Throttling was however no problem, neither with Windows nor with OS X. Despite the inaudible fan, even the 13th run of Cinebench R15 Multi shows the expected result (no decrease in performance, 1.5% margin of fluctuation for the results). HWInfo64 under Windows still indicated a core clock of 2.3 GHz after one hour of maximum load, and a following benchmark showed the expected results. 

Max. Load
 38 °C43 °C40 °C 
 37 °C39 °C33 °C 
 29 °C30 °C29 °C 
Maximum: 43 °C
Average: 35.3 °C
40 °C36 °C33 °C
37 °C37 °C34 °C
32 °C32 °C32 °C
Maximum: 40 °C
Average: 34.8 °C
Power Supply (max.)  56 °C | Room Temperature 21.8 °C | Fluke 62 Mini
Idle Upper Side
Thermography of the MBPr13 - Idle - Upper Side
Idle Bottom
Thermography of the MBPr13 - Idle - Bottom

Speakers

The integrated speakers are very loud with up to 80 dB(A) / 44.4 sone. Due to their size, they obviously lack bass, but the overall sound experience is sufficient for occasional music playback.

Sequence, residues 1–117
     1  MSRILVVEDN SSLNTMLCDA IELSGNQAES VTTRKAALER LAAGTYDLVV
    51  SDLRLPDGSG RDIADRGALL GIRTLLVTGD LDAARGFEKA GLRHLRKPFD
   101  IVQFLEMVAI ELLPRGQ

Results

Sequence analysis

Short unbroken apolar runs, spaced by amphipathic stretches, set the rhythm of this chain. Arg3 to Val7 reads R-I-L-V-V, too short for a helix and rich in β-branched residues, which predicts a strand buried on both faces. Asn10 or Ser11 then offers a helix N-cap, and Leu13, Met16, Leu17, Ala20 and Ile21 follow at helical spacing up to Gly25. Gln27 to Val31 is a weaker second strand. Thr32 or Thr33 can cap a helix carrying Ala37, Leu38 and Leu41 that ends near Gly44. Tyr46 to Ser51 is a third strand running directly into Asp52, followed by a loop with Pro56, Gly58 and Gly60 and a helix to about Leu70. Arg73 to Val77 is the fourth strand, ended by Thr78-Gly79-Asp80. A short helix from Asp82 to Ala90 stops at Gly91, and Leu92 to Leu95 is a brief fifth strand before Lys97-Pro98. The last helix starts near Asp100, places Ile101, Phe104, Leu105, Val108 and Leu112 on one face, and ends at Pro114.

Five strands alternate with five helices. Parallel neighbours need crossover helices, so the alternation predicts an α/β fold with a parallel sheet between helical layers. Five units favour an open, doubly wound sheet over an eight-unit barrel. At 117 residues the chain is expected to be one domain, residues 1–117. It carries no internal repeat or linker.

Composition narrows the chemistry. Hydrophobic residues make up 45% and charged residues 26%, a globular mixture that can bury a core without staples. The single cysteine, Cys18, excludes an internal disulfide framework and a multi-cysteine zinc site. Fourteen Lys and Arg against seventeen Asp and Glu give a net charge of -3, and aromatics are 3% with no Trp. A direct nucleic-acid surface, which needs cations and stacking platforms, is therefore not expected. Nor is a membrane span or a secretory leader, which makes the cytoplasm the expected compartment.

The sound system is also significantly better than the old MBP 13 with a Core 2 Duo 2.4 GHz. It is louder (36 vs. 44 sone) and produces a richer sound experience. The Logitech speaker Lapdesk is similarly loud with 41 sone, but produces more bass and therefore a better sound. 

The integrated headset port had no problems with high-impedance AKG K701 headphones; volume was sufficient and we could not determine any background noises. 

MacBook Pro 13 Retina White Noise
MacBook Pro 13 Retina White Noise
MacBook Pro 13 Core 2 Duo 2.4 GHz White Noise
MacBook Pro 13 Core 2 Duo 2.4 GHz White Noise
Logitech Speaker Lapdesk White Noise
Logitech Speaker Lapdesk White Noise

Energy Management

Power Consumption